Hidden historical gems, fewer crowds, spectacular scenery, and cheaper costs. These are just a few of the reasons why the Offbeat Balkans should top your bucket list.

They are top-notch European destinations at a fraction of the costs of the rest of Mediterranean Europe.

Why the Offbeat Balkans Should Top Your Bucket List

If just saying the name “Balkans” conjures up images of war, devastation and ethnic cleansing, you are not alone. In the 1990’s live footage streamed from televisions sets the world over documenting Yugoslavia’s collapse, one country at a time. It started with Slovenia and Croatia, followed by Bosnia and Herzegovina and then Kosovo. Meanwhile, in Albania and Bulgaria, communism in different forms played out and then fell apart along with the USSR.

But all that is history these days. The ‘Offbeat Balkan’ countries – Albania, Bosnia & Herzegovina, Bulgaria, Croatia, Kosovo, Macedonia, Montenegro, Serbia and Slovenia – are on the cusp of a major tourism explosion. Arguably, Croatia is already there. With 12.9 million tourists in 2014, it seems the secret is out about ancient Dalmatia.

European Charm That’s Easy on the Bank Account

Looking for quaint sidewalk cafés and bistros or hoping to stroll down Roman-era promenades and cobbled streets? Look no further than the Offbeat Balkans. You get the charm of Europe minus the heavy cost of the Euro, and there is the endearing quirkiness of a region of the world that is just getting used to tourism.

Dubrovnik, Croatia Offbeat Balkans
The cobbled streets of Dubrovnik, Croatia

Cultural Gems Minus the Crowds

The Offbeat Balkans sat centre stage as empires large and small rose, clashed, and fell. The Greek, Roman, Byzantine, and Ottoman empires each touched and left their mark on this corner of Europe. More recently, the Soviet Union reached Bulgaria while Albania was engulfed in an extreme communist regime.

With such a textured and complicated history, it’s no wonder there are so many historical and cultural sites and wonders, and yet, the Balkan Peninsula is relatively unexplored. That means forts, castles, and Roman-era theatres are yours to discover without the crowds. Plus, there is also a wealth of slightly wacky monuments. Like Buzludzha, for instance (which was one of our favourite places in southeast Europe).

For history buffs, the wealth of historical and cultural sites will be well worth the visit. It also puts modern war and recovery into perspective.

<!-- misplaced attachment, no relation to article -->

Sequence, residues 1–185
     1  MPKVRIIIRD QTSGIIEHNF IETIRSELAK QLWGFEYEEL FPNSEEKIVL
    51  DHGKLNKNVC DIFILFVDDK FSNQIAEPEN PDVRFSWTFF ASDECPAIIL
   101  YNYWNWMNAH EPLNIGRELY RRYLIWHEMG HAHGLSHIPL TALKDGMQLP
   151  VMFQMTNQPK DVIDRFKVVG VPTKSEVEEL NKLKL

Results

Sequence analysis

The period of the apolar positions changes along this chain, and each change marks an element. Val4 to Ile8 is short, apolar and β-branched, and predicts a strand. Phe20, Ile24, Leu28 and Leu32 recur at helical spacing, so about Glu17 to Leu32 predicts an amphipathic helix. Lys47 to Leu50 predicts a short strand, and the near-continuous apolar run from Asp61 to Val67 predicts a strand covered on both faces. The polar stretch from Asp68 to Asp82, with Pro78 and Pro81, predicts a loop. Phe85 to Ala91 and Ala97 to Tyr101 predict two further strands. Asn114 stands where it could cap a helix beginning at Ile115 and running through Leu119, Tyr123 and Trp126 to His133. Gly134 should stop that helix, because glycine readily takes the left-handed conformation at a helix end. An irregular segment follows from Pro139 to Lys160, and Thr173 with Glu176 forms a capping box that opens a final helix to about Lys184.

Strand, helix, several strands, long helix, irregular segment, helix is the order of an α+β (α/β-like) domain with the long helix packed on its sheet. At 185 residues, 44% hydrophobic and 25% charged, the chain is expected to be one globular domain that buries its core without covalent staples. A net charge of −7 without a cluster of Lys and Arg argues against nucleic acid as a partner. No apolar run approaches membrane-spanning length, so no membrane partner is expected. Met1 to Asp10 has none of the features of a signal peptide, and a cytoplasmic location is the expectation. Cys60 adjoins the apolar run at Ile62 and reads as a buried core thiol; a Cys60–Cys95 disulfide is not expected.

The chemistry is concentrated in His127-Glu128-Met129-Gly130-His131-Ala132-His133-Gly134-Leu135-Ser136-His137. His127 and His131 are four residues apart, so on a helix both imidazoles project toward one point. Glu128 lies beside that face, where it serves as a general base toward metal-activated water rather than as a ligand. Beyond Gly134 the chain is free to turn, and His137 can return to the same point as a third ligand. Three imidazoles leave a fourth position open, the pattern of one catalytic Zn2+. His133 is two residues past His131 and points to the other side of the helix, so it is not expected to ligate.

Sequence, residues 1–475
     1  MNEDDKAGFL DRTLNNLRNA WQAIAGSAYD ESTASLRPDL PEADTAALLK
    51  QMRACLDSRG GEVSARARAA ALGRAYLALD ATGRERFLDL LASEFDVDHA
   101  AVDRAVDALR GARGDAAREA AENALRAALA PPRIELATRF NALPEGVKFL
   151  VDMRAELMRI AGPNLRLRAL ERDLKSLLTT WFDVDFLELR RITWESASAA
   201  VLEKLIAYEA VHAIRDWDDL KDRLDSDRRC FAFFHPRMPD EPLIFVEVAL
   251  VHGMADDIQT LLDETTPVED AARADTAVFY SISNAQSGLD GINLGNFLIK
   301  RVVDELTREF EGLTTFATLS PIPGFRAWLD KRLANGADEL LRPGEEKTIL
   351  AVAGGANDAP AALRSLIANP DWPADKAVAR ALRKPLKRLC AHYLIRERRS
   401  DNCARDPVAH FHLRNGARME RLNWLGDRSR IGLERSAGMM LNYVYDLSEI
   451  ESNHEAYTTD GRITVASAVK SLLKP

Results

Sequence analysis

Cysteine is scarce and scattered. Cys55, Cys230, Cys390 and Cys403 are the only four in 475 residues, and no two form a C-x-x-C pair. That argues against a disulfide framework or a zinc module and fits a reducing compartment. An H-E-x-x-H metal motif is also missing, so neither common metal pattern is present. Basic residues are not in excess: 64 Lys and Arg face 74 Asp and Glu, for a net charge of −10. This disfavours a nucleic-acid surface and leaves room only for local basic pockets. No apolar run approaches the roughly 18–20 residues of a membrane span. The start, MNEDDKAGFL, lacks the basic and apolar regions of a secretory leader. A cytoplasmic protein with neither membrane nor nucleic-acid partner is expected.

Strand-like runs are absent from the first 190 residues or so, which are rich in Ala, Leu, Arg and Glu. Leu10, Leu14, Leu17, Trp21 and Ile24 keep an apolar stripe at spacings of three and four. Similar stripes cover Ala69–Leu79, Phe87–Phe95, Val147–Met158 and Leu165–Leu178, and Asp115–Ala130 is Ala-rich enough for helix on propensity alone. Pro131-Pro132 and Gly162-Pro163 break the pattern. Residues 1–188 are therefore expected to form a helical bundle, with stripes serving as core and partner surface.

Buzludhza Bulgaria Offbeat Balkans
Buzludhza, the House-Monument of the Bulgarian Communist Party

Interested in ancient history? Put these on your itinerary:

  • Diocletian’s Palace – Split, Croatia
  • Dubrovnik, Croatia
  • Plovdiv and Sofia, Bulgaria
  • Lake Ohrid, Macedonia

Interested in communism’s legacy? Add these architectural wonders to your bucket list:

  • Budzludhza – Bulgaria
  • ‘The Pyramid’, aka, the International Center of Culture, Tirana, Albania

Keen to learn more about the collapse of Yugoslavia in the 1990’s? These places are worth a visit:

  • Sarajevo Bobsled Track
  • Sarajevo, Bosnia
  • Mostar, Bosnia
  • Prizren, Kosovo
  • Pristina, Kosovo
Hope graffiti in Sarajevo
Graffiti on the Sarajevo bobsled track.

Stunning Vistas

The offbeat Balkans span from the Adriatic Sea in the west to the Aegean and Black seas in the east/northeast. In the middle, the Balkan mountains, the Dinaric Alps and the Šar massif provide gorgeous scenery, lots of hiking opportunities, and some long and winding bus rides.

Adriatic Coast

The dramatic views of the Dalmatian coastline are unparalleled. Take a ferry out from Split or Dubrovnik and soak up the sunshine.

Lovćen Mountain, Lovćen National Park, Montenegro

Once at the top of Lovćen mountain, visitors are rewarded with a 360-degree view. On a clear day, you can see as far as the Adriatic and the Bay of Kotor.

Central Balkan Mountains 

Not only is the Buzludzha Monument located in these mountains, this area boasts gorgeous views and hiking trails.

Bay of Kotor – Montenegro

Mountains plunge into the Adriatic sea in the Bay of Kotor and the effect is breathtaking. It’s no wonder it was established as a World Heritage Site in 1979. Hike up the 1,300 or so stairs to St. John’s Fort and you’ll have sweeping views of the Bay and the vast Adriatic sea.

Which Offbeat Balkan nation tops your bucket list?